Readers ask: How Did The Sauk And Fox Indians Resist Their Removal From Western Illinois In 1832?

What caused the Sauk and Fox to rebel and return to Illinois?

In the summer and fall of 1831, frustrated because the government had failed to provide enough corn for them to survive the winter, a few Sauk and Fox men recrossed the river to harvest whatever corn, beans, and squash they could from their old fields.

How did Congress respond to Andrew Jackson’s plan for removing Indians from American territory east of the Mississippi River?

How did Congress respond to Andrew Jackson’s plan for expelling the Indians from American territory east of the Mississippi River? It backed him and appropriated $500,000 to relocate eastern tribes west of the Mississippi.

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Who stopped the Indian Removal Act?

Andrew Jackson, from Tennessee, was a forceful proponent of Indian removal. In 1814 he commanded the U.S. military forces that defeated a faction of the Creek nation. In their defeat, the Creeks lost 22 million acres of land in southern Georgia and central Alabama.

What Indian group fought removal in Black Hawk’s War?

Which Indian group fought removal in Black Hawk’s War? the removal of Cherokee Indians from Georgia to Indian Territory.

Why did American soldiers burn Saukenuk?

Saukenuk was actually burned by U.S. forces in 1780 in what is commonly considered the westernmost conflagration of the Revolutionary War. They were trying to punish tribes they believed had aided the British.

What happened to the Sauk and Fox people?

During the 1700s, a French attack on the Foxes caused the two tribes to join forces and form a close alliance which helped to affect unification. The Treaty of 1815 officially named the Sac and Fox Nation of Missouri as a distinct tribe, and they were removed to northeast Missouri from Iowa and Illinois.

What was Jackson’s message to Congress on Indian Removal?

Jackson declared that removal would “incalculably strengthen the southwestern frontier.” Clearing Alabama and Mississippi of their Indian populations, he said, would “enable those states to advance rapidly in population, wealth, and power.”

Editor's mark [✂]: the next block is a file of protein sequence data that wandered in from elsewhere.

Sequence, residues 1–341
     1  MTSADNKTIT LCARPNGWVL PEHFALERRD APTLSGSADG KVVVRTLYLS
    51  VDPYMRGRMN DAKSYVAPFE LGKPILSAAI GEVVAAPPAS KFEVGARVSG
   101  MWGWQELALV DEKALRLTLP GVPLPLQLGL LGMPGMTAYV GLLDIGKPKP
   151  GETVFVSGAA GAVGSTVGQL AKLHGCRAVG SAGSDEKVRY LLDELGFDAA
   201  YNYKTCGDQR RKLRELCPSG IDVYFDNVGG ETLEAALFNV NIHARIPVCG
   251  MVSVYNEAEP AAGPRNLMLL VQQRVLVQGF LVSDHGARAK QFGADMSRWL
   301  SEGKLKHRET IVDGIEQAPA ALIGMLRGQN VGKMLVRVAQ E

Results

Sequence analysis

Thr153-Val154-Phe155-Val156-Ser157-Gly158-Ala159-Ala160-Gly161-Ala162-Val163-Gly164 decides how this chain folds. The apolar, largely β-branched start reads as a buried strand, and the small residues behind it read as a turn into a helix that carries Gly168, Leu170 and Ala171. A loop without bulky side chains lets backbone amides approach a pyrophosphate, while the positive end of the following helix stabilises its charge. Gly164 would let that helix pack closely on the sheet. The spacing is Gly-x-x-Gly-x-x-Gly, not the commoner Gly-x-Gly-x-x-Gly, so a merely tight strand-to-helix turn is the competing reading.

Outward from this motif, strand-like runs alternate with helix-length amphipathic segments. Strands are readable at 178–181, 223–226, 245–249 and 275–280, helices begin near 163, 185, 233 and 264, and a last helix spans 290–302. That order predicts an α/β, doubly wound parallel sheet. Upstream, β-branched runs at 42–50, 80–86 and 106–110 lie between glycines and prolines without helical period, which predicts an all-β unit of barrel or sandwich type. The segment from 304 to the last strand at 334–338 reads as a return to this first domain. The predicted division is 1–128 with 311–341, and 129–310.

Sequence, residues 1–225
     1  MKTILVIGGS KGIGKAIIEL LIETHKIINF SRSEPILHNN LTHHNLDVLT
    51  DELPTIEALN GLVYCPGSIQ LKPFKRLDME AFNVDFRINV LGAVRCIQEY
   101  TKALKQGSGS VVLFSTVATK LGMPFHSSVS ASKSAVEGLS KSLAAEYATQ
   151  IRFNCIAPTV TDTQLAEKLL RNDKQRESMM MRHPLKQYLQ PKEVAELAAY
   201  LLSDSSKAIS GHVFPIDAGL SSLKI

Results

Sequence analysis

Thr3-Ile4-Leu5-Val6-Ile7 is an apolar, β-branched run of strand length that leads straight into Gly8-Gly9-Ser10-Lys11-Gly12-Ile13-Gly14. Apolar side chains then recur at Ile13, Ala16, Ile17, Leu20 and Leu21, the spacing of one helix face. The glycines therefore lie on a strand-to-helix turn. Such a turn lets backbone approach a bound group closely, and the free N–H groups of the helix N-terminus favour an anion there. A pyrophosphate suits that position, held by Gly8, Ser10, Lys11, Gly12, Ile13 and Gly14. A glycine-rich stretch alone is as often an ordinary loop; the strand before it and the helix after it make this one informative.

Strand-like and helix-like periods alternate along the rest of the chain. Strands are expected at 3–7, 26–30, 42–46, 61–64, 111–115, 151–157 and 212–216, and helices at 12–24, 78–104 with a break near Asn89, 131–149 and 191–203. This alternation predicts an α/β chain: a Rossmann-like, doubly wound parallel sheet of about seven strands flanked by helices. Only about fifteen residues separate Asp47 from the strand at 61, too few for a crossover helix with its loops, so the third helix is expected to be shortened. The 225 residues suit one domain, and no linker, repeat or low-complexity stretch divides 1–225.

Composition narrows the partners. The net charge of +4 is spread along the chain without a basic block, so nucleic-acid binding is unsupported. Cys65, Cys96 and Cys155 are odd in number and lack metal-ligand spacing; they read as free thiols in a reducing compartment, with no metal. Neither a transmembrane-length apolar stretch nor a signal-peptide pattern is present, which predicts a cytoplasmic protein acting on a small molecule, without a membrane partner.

What were some of the effects of the Indian Removal Act choose the three correct answers?

It expanded slavery to new territories. AND It relocated American Indians to less fertile land. AND It resulted in the deaths of thousands of American Indians.

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What were the arguments for and against the Indian Removal Act?

They felt that building factories, expanding farming, and constructing new roads and railroads would be a better use of the land. These people also believed that the white ways of living were superior to the Native American ways of living. Other people felt it was wrong to remove the Native Americans.

How long did the Indian Removal Act last?

Milestones: 1830–1860.

Did the Indian Removal Act violate the Constitution?

In 1828, Jackson was elected president. Jackson backed an Indian removal bill in Congress. Members of Congress like Davy Crockett argued that Jackson violated the Constitution by refusing to enforce treaties that guaranteed Indian land rights. But Congress passed the removal law in the spring of 1830.

What were the consequences of the Indian Removal Act of 1830?

Intrusions of land-hungry settlers, treaties with the U.S., and the Indian Removal Act (1830) resulted in the forced removal and migration of many eastern Indian nations to lands west of the Mississippi.

How did Jackson respond to the Supreme Court’s ruling against the Indian Removal Act?

Jackson responded by passing the Force Bill and threatening to send 50,000 troops to the state. When the Supreme Court ruled that Georgia had no authority over the territory of Cherokee Indians, Jackson and Georgia simply ignored the ruling.

What tribe was Black Hawk?

Black Hawk was born in Saukenuk, Illinois. A member of the “Sauk” (present-day Sac & Fox) tribe, he belonged to the Thunder Clan.

Who was the American Indian chief who fought to keep from leaving Illinois?

The Black Hawk War was a conflict between the United States and Native Americans led by Black Hawk, a Sauk leader.

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